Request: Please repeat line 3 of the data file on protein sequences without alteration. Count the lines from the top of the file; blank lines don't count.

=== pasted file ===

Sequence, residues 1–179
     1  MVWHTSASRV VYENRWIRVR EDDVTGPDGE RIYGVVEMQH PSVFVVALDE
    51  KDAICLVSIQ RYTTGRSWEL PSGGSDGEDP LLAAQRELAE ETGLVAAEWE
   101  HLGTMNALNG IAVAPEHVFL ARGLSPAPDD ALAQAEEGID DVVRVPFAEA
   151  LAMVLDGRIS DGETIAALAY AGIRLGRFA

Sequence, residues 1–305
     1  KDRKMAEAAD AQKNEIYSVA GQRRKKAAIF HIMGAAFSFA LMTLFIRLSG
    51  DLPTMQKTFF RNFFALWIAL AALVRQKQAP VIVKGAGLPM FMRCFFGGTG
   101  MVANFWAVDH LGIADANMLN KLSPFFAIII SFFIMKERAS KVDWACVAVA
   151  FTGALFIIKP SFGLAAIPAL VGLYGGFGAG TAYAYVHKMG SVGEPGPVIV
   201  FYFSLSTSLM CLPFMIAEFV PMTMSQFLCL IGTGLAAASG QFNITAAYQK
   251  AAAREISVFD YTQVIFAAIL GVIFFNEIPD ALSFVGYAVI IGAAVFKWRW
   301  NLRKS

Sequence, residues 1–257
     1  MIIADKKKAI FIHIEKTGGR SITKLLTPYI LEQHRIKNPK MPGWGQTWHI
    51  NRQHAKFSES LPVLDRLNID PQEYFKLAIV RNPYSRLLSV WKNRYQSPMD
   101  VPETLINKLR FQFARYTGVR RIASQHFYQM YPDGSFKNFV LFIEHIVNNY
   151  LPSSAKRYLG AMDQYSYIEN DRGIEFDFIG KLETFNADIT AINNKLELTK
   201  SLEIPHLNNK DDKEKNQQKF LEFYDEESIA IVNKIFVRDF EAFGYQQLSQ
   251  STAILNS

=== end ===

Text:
    51  KDAICLVSIQ RYTTGRSWEL PSGGSDGEDP LLAAQRELAE ETGLVAAEWE